Quick Facts :
Otorhinolaryngology Nurse

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Bureau of Labor Statistics, Registered Nurses, May 2017

info-icon ADN or BSN
info-icon $73,550 Annual Wage
info-icon 15% Job Growth

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What Is an Otorhinolaryngology Nurse?

An otorhinolaryngology nurse is a nursing professional that specializes in caring for patients with ear, nose, or throat problems. They often treat both acute and chronic problems in this area, including ear infections and allergies, as well as genetic abnormalities and injuries. Some other common otorhinolaryngology problems may include laryngitis, cancer, sinusitis, tonsillitis, sleep apnea, and trauma such as broken bones.

Otorhinolaryngology nurses treat all types of patients, including infants, children, and adults. However, as an otorhinolaryngology nurse, you can also choose to specialize in one area, such as pediatric otorhinolaryngology. You can also choose to focus on one particular type of problem in this field, such as nasal allergies.

The field of otorhinolaryngology is highly specialized and requires a deep knowledge of the ears, nasal passages, and throat along with how these three areas interact with one another. You should also have effective communication skills, which will be necessary when explaining illnesses and treatment options to patients. Since a number of otorhinolaryngology patients are in fact children, you should also be able to interact with and communicate well with children in particular.

What Do Otorhinolaryngology Nurses Do?

Otorhinolaryngology nurses assess and treat patients that are suffering from illnesses or injuries in their ears, noses, and throats. Assessing patients generally involves performing a thorough physical examination. During this examination, an otorhinolaryngology nurse will often listen to patient complaints and symptoms. These nurses will also examine any problem areas and should be familiar with how to use the tools of the trade. Tools that you will be required to use as an otorhinolaryngology nurse include tongue depressors, otoscopes, and various lights and mirrors. These can all help you get a better look at the affected areas. You will also most likely need to be familiar with medical imaging machines, such as e x-ray machines and CAT scan machines.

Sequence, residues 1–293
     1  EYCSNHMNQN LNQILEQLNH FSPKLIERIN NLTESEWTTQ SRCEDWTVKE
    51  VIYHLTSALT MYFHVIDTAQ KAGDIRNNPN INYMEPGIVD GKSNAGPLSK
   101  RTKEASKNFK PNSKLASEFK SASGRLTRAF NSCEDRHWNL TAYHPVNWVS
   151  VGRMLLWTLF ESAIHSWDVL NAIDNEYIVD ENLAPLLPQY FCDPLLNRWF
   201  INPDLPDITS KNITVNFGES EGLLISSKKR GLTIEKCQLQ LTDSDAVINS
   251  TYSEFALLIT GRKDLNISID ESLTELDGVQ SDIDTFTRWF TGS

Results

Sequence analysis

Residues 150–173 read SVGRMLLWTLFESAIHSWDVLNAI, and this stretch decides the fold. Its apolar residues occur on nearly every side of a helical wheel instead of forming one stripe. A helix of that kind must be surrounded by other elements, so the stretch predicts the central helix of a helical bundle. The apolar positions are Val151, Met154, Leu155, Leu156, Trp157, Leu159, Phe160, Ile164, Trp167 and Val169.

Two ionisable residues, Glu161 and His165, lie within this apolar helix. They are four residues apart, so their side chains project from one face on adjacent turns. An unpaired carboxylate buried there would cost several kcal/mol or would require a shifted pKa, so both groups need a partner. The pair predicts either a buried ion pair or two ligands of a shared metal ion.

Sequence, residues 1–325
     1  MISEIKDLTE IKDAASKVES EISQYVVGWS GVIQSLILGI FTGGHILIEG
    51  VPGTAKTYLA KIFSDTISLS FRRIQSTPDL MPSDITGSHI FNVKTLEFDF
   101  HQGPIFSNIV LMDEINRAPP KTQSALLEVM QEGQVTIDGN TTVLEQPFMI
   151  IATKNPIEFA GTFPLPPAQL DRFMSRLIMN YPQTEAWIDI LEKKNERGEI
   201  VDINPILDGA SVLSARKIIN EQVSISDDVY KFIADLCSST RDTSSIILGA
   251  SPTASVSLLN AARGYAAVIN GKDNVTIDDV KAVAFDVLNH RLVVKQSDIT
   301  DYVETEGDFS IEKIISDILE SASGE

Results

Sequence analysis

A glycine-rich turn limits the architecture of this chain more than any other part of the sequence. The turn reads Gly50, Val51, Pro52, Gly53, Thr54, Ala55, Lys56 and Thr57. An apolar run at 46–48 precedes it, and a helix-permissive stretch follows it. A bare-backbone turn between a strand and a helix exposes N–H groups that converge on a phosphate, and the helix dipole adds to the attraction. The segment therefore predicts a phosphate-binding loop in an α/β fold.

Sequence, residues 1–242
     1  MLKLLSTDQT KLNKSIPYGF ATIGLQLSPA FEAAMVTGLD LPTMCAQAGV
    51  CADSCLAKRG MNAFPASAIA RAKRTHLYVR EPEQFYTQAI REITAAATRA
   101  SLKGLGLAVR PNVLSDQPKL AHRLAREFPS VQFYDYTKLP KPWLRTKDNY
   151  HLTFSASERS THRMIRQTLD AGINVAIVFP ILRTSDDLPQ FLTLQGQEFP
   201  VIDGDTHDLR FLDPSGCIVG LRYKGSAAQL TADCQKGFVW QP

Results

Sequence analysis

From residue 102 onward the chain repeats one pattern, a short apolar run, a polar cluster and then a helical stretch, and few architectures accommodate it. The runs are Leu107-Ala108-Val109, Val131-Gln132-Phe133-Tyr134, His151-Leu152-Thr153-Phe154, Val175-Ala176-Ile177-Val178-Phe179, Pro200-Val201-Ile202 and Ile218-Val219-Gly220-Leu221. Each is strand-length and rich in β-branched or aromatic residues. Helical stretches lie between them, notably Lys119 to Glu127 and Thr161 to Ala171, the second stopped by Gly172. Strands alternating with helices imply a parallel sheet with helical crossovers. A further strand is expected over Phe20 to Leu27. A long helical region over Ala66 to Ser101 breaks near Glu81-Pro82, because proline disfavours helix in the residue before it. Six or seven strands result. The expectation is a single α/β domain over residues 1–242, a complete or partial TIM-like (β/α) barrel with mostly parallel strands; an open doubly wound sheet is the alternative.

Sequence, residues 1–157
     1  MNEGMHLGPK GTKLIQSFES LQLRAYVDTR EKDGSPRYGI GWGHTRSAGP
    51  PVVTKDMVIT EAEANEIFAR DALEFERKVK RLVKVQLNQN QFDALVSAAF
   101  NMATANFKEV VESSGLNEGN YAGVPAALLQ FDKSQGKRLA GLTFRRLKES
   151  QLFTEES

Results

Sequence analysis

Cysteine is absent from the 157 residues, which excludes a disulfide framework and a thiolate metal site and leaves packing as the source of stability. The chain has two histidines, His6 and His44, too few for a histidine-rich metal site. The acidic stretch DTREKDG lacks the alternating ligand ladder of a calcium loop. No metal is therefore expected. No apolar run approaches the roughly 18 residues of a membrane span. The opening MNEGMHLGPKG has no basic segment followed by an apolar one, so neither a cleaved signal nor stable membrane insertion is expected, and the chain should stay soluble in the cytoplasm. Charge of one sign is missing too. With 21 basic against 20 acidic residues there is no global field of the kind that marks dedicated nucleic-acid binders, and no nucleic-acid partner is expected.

During the initial physical examination, you will look for signs of infection or injury in the patient. You will also record symptoms and vital signs, which can later be discussed with an otorhinolaryngologist to pinpoint a diagnosis. Collecting samples, such as mucus and discharge samples, is also often an important step in diagnosing ear, nose, and throat infections.

Treatment for ear, nose, and throat disorders will typically vary, depending on the specific problem. Oftentimes, infections can be cleared up with the use of antibiotics. More severe problems, on the other hand, may require surgery. As an otorhinolaryngology nurse, you will most likely be required to assist during these surgical procedures and care for patients afterward.

Where Do Otorhinolaryngology Nurses Work?

Otorhinolaryngology nurses primarily work in otorhinolaryngologist offices. However, some hospitals, clinics, community health centers, home care agencies, and assisted living facilities might also hire otorhinolaryngology nurses.

How Do I Become an Otorhinolaryngology Nurse?

To become a certified otorhinolaryngology nurse, you must first have an unrestricted license to practice as a registered nurse (RN). Becoming a registered nurse involves earning a nursing degree from an accredited school of nursing and passing the National Council Licensure Examination for Registered Nurses (NCLEX-RN).

Once you’ve gained at least three years of experience in a clinical otorhinolaryngology setting, you can then try for your otorhinolaryngology nursing certification, which is offered by the Society of Otorhinolaryngology and Head/Neck Nurses.

Additional Resources for Otorhinolaryngology Nurses